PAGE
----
April 30, 2015

Revisit: Masters of the Universe

Now that we've heard Five Good Things about it, it's time to rip into this piece of shit.

With Star Wars VII: The Apology on the horizon, it may be hard to remember what it was like to be in the '80s. Star Wars was bigger than Jesus, and oh man the rip-offs just kept a-comin'. (Then again, Star Wars is still being ripped off in the '00s. Ah, the moar things change...) What else was big in the '80s? A little Filmation animated series called He-Man and the Masters of the Universe, that's what. Well, maybe "animated" is a little strong, we are talking Filmation here. Based on a line of dolls action figures, He-Man was the story of a mild-mannered weightlifter locked in endless struggle with an animated skeleton wizard. Now if that doesn't say Star Wars to you, then you possess a modicum of decency, meatbag. If you're really into the '80s--and God help you if you are--you'll immediately realize that this movie should have ripped off Conan the Barbarian.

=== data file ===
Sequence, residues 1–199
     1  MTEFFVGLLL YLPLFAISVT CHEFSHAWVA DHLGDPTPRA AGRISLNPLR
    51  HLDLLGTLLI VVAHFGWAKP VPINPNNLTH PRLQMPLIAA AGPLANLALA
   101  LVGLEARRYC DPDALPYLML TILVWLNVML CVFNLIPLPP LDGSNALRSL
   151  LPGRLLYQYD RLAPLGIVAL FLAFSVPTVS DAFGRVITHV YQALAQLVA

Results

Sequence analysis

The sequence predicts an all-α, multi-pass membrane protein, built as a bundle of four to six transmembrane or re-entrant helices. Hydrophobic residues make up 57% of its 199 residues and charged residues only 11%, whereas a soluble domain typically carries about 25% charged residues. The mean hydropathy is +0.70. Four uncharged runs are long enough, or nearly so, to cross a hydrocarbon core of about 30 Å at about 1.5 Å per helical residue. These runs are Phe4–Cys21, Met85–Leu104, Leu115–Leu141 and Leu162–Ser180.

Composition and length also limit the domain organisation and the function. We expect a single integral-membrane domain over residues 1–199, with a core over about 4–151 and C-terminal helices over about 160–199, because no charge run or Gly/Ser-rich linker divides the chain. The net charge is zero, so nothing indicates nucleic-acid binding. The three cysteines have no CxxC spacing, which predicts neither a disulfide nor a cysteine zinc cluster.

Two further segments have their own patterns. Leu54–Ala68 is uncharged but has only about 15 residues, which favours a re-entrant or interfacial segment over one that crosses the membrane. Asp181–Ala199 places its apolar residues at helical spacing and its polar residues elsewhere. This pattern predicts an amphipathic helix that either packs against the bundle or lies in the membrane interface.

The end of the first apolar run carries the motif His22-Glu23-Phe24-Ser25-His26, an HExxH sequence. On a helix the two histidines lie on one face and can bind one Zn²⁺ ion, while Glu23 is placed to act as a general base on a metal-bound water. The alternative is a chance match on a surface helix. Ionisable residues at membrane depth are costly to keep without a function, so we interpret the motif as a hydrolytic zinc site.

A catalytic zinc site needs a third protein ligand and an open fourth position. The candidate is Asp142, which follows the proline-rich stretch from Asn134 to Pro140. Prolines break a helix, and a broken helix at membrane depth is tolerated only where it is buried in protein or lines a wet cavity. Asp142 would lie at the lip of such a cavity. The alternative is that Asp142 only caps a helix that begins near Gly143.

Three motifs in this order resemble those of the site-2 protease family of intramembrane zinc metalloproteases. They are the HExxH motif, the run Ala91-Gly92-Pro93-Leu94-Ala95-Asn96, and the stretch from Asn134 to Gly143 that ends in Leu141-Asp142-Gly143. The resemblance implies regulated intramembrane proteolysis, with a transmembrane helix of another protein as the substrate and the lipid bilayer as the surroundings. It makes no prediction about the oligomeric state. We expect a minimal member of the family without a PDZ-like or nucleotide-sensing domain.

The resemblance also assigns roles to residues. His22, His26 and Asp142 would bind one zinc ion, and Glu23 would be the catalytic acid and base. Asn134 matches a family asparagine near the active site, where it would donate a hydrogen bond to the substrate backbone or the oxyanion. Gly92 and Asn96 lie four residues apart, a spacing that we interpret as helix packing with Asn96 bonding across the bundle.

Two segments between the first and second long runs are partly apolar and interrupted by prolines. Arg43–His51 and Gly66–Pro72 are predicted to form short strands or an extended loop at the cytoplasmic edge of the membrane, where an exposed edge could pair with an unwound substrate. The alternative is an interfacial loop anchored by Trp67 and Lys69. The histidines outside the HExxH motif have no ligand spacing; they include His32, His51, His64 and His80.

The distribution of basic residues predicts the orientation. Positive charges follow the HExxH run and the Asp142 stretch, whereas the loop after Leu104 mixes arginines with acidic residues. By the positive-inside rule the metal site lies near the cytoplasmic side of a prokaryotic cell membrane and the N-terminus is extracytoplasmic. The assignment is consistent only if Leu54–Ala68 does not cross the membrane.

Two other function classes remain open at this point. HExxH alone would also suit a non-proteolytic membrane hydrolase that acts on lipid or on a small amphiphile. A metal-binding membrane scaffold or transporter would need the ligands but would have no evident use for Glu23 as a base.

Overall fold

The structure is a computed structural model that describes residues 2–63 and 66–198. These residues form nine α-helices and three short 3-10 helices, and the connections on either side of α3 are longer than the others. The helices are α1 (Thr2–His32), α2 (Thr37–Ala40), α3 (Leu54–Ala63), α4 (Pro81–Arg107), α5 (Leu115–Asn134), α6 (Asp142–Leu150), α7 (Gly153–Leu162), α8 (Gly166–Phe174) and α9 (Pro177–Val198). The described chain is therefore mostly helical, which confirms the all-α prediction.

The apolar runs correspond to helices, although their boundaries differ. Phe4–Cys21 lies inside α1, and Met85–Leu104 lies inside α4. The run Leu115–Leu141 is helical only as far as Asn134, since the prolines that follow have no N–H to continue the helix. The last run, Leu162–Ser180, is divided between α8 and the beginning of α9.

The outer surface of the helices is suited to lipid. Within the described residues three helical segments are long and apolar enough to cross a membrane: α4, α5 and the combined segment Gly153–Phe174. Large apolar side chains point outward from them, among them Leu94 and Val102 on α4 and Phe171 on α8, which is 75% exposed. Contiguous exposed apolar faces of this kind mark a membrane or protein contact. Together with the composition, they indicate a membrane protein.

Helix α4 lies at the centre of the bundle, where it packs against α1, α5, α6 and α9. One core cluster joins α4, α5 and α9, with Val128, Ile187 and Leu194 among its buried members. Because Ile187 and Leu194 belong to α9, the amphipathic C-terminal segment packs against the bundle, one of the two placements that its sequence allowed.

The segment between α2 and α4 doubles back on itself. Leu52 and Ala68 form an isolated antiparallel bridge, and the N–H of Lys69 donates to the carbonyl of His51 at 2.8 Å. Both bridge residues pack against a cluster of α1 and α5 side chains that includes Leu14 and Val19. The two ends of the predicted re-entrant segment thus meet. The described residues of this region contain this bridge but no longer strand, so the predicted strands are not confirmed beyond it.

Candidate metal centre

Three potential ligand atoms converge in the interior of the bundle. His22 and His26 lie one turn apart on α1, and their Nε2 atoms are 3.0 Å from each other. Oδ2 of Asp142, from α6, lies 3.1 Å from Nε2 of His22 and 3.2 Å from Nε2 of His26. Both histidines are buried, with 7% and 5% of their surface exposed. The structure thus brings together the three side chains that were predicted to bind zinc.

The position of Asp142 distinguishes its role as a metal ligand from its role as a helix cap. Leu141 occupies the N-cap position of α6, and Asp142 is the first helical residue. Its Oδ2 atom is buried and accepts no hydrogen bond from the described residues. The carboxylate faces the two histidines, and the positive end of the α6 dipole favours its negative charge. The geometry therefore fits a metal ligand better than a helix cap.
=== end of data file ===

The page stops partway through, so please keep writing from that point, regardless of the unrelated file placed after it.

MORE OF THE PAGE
The plot, such as it is, in brief: On the planet Eternia, Skeletor (Richard Nixon), dressed in his finest Emperor Palpatine regalia, has finally captured Castle Grayskull, the home of the powerful Sorceress and the center of all Good in the universe. He was able to do this because of the Cosmic Key, a magical teleportation device invented by Gwildor (Noodles MacIntyre), the Odious Comic Relief alien, that allowed him to teleport his entire army inside the Castle, bypassing its defenses. As he drains the Sorceress's power, Skeletor waits for the Stars to Align So He Can Gain Ultimate Power, blah blah, you know the drill. The only hope for the forces of Good is He-Man (Ivan Drago), the ripply muscle-y barbarian arch-nemesis of Skeletor. He-Man leads the remaining resistance forces, apparently consisting entirely of two other people, Man-at-Arms (Major Dad's boss) and his daughter Teela (Chelsea Field). Skeletor, recognizing the power of the Key, also desires to eliminate Gwildor to prevent anyone else from having one. Unfortunately, for him, Gwildor already has another Key, and as the resistance and Skeletor fight for possession of him, he activates it, but without carefully programming the coordinates for a destination. Can you guess where He-Man and Co. end up in their random teleportation somewhere in the universe? Perhaps an utterly insignificant little blue-green planet orbiting a small, unregarded yellow sun far out in the uncharted backwaters of the unfashionable end of the galaxy?